There are bad parts of this patronizing, indulgent production and then there are worse parts, but it’s a train wreck from start to finish. The show purports to be a study about gifts (spoiler: the ultimate gift is the gift of life!) and is structured as a “gift-consciousness” seminar, complete with a PowerPoint presentation and illustrative skits in which actors dressed as sci-fi pilgrims perform childish, reductive scenes about different ways we can give things to people. To the extent that there’s a plot, it consists of actors “rebelling” against their (cult?) leader directing the skits in order to open a box that supposedly contains the audience’s memories. This conflict somehow signifies the lesson that gifts can be “messy” and are more than just material objects. Yes, really. The concept of the show is almost too facile to be believed. But to add insult to injury, G.I.F.T. is pretentious to the nth degree. From the moment the audience enters the large darkened warehouse space, in which we’re asked to follow a pebble labyrinth while bombarded by incense and pat messages about the importance of giving; to the awkward “audience interactions” wherein actors force large, unidentifiable and ugly papier-mâché “gifts” at us; to the performance-art tropes it tries to engage (plastic wrap and repeated motions in futuristic face paint, anyone?), the show actually seems to be asking us to take it seriously. Which is one gift we just can’t give. (Monica Westin)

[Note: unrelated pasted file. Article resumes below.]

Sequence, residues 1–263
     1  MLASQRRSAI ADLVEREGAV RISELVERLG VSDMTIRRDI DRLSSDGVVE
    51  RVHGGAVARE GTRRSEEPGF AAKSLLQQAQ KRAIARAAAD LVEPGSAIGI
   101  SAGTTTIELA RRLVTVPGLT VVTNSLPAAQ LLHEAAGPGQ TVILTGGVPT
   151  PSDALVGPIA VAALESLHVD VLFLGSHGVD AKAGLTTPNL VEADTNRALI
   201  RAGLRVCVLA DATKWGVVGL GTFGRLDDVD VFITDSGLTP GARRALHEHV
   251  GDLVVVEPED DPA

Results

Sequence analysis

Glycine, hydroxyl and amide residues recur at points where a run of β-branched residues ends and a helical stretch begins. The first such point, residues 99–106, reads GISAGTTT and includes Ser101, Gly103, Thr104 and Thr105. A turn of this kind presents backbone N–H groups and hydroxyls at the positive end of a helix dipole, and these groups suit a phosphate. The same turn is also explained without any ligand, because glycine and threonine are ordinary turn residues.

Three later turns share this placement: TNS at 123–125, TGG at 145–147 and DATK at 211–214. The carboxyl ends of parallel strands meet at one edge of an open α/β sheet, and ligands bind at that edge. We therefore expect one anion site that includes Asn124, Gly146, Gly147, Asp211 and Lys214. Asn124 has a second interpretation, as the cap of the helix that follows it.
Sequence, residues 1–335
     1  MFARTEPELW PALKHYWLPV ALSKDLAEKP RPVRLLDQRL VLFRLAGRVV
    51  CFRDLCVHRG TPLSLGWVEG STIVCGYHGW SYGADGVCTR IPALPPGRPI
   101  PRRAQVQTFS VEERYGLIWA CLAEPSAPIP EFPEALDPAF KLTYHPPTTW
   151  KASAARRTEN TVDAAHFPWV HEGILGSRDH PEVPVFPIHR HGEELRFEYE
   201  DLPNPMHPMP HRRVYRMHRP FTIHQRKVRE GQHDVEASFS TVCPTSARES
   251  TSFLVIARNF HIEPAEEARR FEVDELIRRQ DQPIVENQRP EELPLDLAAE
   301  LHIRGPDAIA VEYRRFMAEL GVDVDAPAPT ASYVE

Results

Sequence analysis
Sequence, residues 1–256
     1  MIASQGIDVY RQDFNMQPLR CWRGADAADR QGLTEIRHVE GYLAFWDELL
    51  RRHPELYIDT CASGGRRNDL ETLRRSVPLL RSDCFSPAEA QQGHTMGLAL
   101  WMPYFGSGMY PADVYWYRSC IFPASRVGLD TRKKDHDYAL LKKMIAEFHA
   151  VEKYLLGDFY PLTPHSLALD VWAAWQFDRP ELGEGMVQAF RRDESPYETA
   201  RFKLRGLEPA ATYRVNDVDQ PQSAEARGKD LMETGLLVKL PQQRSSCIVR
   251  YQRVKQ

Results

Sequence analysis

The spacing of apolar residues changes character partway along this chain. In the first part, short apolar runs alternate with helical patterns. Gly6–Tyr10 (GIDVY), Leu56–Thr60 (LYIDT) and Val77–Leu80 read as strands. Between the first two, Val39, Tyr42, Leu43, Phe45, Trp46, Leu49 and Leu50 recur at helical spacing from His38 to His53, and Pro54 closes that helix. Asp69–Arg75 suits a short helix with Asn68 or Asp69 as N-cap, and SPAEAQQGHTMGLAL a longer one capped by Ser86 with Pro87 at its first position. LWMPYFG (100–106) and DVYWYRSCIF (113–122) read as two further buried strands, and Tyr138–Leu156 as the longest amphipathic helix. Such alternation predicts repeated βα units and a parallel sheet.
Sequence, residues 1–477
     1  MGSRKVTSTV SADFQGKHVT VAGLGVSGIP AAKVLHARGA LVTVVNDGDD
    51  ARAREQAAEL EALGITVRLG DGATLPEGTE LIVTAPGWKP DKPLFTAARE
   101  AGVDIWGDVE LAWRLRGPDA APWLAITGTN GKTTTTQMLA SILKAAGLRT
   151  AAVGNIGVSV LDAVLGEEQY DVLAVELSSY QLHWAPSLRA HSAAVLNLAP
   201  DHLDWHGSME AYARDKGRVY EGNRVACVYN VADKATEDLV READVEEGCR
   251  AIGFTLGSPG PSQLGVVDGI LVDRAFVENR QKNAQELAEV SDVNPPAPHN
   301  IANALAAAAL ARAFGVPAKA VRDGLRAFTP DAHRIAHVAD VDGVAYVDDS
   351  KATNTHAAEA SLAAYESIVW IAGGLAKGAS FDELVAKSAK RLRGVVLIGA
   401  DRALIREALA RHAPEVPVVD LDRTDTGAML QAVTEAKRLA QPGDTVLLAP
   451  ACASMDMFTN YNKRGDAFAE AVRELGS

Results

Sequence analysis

At Firehouse Square, 459 North Wolcott, collaboraction.org for tickets. Through November 29.